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By leveraging technology – including cloud-based back-office services for advisers – Tridus Wealth Management is aiming to lower wealth management fees for clients by 25 per cent. (istockphoto)
By leveraging technology – including cloud-based back-office services for advisers – Tridus Wealth Management is aiming to lower wealth management fees for clients by 25 per cent. (istockphoto)

Wealth management firm takes the mobile revolution to the next step Add to ...

Financial technology is starting to change the way Canadians interact with their financial advisers as new mobile players emerge.

Vancouver startup Tridus Wealth Management, which has partnered with financial technology provider Cassia Research Inc., is in the midst of launching an officeless, paperless, full-service wealth management firm.

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By leveraging technology – including cloud-based back-office services for advisers – the firm is aiming to lower wealth management fees for clients by 25 per cent, says Tridus founder and chief executive officer Harry McLaughlin.

“Canadians are paying some of the highest fees in the world for financial advice,” Mr. McLaughlin said. “We want to provide a more efficient operation that will free up the financial adviser’s time and who, in turn, will be able to provide better customer service for the client – for less. The problem right now is that the human element is drowning in paperwork and compliance.”

Mr. McLaughlin is still in the process of hiring investment advisers, and plans to launch the online firm by mid-2016. The platform will consist of a network of independent advisers who will use the company’s risk management technology and portfolio management tools similar to a robo-adviser offering. But, unlike a robo-adviser, actual advisers will still be able to create customized portfolios for their clients that would include mutual funds, exchange-traded funds and individuals stocks.

As well, Mr. McLaughlin said, clients will continue to maintain a direct relationship with their financial adviser for all services, including investment and financial planning, estate and wills, and insurance needs.

Rather than a corner office, financial advisers will be given mobile devices – such as laptops or tablets – to use during client meetings, which can be done in person, on the phone or through online video conferencing (such as Skype or FaceTime). Clients will log into a client portal and the financial adviser will be able to guide them through their financial accounts including quarterly reviews and investment statements – all through remote access.

“The Tridus-Cassia Research partnership makes us one of the first in Canada to do what is already happening the United States, with wealth management firms becoming more cost-effective, transparent, modern and mobile,” Cassia Research CEO Henry Bee said.

Investors will no longer receive mountains of paperwork, Mr. Bee said. Instead, investment documents such as the know-your-client (KYC) form and account opening forms will be sent electronically and signed through an e-signature.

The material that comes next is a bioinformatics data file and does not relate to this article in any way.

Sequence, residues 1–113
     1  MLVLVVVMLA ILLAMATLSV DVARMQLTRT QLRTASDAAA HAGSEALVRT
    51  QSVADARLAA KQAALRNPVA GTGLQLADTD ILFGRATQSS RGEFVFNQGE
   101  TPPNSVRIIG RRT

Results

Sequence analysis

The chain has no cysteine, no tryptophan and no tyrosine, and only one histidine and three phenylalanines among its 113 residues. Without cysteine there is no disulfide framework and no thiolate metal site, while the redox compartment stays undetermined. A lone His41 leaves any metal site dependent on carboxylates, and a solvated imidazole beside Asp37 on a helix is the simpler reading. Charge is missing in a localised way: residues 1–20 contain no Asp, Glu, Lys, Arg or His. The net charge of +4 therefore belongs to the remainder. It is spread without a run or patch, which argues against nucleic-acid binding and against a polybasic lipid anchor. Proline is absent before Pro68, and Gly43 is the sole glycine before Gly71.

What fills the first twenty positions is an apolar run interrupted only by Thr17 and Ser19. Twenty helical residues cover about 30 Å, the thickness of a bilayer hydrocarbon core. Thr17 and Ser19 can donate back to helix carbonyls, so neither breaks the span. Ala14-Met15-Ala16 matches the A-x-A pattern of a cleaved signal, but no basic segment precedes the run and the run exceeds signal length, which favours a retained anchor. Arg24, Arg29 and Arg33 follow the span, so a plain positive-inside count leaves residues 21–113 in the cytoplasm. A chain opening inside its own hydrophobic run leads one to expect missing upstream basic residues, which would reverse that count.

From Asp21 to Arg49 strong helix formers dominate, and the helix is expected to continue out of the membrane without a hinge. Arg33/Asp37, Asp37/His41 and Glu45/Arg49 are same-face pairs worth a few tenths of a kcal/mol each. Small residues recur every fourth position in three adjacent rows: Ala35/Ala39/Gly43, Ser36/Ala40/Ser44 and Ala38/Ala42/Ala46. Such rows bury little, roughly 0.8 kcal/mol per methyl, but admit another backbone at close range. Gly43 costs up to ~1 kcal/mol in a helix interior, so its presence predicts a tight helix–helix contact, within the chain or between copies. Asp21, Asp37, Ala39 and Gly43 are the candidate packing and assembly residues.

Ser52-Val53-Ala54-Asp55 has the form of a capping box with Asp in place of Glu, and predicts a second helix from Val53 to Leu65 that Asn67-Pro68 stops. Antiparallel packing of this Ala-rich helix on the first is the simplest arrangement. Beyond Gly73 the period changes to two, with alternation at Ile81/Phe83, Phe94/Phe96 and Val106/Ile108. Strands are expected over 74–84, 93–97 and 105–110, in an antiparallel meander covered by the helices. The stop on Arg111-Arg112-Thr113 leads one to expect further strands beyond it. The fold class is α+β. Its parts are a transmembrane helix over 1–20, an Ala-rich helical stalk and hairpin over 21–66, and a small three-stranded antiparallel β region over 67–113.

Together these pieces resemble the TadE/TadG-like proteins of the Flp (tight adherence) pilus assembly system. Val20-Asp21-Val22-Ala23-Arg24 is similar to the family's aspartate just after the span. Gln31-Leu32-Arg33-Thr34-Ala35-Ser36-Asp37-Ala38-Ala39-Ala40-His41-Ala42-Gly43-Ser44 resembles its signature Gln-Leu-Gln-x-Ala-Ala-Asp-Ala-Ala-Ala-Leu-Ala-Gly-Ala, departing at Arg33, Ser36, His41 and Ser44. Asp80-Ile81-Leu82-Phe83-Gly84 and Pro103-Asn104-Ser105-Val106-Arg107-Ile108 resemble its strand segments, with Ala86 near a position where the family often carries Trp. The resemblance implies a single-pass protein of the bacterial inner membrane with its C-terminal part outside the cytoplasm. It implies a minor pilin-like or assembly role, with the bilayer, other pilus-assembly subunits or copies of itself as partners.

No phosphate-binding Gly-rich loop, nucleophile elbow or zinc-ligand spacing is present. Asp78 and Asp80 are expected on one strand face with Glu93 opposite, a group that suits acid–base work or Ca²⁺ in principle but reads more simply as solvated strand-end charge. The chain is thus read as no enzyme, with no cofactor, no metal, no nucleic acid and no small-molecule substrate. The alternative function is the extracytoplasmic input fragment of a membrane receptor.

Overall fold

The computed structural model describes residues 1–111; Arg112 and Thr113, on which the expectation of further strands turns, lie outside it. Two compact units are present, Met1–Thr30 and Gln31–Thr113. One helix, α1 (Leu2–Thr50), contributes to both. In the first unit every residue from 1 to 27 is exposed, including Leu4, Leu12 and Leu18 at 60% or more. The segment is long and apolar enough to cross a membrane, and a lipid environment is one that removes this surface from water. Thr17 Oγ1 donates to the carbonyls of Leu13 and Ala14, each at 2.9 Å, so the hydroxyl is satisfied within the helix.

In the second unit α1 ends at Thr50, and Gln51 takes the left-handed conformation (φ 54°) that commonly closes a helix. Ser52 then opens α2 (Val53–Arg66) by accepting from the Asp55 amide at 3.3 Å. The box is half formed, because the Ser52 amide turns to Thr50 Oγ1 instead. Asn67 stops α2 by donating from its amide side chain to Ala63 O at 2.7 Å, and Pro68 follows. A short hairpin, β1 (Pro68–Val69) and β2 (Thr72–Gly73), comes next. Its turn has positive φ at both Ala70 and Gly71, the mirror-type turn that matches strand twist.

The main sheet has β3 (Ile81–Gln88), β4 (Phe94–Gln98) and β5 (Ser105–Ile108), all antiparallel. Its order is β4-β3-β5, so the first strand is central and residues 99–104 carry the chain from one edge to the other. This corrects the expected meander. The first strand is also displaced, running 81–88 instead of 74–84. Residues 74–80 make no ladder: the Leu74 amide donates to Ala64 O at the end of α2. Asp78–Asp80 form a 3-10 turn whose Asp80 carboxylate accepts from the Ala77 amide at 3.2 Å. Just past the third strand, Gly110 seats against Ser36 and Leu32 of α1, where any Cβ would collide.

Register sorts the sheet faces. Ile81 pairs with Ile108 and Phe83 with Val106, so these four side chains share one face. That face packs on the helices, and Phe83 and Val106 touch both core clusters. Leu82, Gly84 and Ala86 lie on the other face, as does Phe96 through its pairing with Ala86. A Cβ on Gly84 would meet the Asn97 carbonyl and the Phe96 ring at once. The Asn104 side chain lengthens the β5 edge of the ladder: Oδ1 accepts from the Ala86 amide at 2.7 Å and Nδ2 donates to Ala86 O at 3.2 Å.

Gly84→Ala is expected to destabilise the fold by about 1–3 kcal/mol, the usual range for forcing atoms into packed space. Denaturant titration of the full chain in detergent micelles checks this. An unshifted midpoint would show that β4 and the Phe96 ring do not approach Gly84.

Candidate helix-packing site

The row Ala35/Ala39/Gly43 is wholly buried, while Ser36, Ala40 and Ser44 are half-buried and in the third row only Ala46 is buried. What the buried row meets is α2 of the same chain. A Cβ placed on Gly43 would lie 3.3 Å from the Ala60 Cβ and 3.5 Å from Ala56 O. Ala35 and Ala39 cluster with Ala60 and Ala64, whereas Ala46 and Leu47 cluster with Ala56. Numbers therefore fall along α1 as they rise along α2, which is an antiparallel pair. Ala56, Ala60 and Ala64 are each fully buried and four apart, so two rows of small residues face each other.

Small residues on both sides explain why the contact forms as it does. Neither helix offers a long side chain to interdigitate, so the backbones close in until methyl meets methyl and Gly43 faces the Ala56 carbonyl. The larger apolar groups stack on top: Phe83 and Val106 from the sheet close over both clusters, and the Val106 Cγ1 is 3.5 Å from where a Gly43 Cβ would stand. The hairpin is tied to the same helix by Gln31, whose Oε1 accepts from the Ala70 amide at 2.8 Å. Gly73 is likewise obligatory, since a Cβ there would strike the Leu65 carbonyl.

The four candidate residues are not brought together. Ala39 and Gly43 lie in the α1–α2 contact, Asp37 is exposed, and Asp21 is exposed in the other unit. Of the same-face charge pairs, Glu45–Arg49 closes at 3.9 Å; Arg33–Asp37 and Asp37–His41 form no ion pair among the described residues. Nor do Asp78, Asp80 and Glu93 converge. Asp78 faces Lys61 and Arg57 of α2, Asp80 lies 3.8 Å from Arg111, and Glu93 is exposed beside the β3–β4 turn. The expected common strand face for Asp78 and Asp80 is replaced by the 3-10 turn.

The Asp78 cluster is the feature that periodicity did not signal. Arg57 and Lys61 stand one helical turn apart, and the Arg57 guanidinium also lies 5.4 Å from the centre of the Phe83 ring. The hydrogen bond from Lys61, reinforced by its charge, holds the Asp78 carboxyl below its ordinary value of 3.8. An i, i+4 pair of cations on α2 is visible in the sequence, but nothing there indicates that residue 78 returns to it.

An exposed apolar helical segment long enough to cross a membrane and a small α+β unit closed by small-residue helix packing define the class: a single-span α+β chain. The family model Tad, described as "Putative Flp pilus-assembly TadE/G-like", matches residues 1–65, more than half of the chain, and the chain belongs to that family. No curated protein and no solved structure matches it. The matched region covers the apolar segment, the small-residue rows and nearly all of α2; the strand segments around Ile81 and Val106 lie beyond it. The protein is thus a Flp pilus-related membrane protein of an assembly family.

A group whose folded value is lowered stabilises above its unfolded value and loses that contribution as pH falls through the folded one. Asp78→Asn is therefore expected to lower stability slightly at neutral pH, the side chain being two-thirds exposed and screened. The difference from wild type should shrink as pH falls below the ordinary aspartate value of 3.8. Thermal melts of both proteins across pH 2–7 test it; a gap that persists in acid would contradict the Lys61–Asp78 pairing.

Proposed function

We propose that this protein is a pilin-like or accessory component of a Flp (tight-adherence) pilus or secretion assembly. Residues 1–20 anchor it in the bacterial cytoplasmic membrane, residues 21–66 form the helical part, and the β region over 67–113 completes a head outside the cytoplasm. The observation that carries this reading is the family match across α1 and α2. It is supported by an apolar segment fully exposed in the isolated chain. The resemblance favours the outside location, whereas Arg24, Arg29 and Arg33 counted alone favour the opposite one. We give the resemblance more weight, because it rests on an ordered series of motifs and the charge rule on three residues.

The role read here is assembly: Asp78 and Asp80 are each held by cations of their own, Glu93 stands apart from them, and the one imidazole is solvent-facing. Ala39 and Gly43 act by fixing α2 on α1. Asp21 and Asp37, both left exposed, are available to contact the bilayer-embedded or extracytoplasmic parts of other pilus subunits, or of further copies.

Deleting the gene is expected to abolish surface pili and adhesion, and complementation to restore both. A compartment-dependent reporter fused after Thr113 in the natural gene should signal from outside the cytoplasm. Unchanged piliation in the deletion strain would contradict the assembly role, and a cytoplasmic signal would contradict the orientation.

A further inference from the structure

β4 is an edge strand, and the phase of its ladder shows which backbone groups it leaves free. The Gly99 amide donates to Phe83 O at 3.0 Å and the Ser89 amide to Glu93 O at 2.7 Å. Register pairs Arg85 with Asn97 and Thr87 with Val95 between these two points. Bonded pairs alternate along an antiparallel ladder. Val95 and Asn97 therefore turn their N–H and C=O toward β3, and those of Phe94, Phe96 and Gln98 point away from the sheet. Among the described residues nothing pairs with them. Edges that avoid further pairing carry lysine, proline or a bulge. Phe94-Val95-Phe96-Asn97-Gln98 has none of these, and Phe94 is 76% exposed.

“The biggest logjam for financial advisers is that they are working off multiple systems that do not communicate with each other,” Mr. Bee said. “We’re about solving the asymmetry of information between the producer and the consumer, and providing the financial management tools that until now have been only available to the rich. Put simply, everybody has the right to have a financial seat belt. It shouldn’t just be reserved for the Rolls-Royce owners.”

The use of mobile devices by financial advisers in their business practice has started to increase over time, although many investment firms struggle to keep up with fast-paced technology changes.

While 93 per cent of financial advisers in Canada use smartphones in their day-to-day activities, only 50 per cent of advisers use tablets, according to a 2014 survey of advisers conducted by TC Media and Credo Consulting.

That number has increased from 2012, when a similar survey found that just 37 per cent of advisers were using tablets.

Of the advisers surveyed in 2014 who use tablets, many said they used the devices during client meetings, when preparing for client meetings, for cloud computing and for remote access to a computer.

“The next wave of investors are not asking advisers to come meet them in their homes but are looking for remote access where they can still interact face to face but over a screen,” said Shannon Lee Simmons, a financial planner with the New School of Finance, a fee-for-service firm.

Ms. Simmons meets 25 per cent of her clients through Skype, FaceTime and Google Hangout. For example, mobile interactions allow her to set up a split-screen meeting with a client and the person’s spouse over a lunch break, without either party having to leave their office.

“Millennials tend to already have a higher level of trust when it comes to technology and are comfortable using online systems such as Dropbox and e-signatures,” Ms. Simmons said. “But it really depends on the individual’s level of comfort with technology and that can spread across all demographics – even with the baby boomers.”

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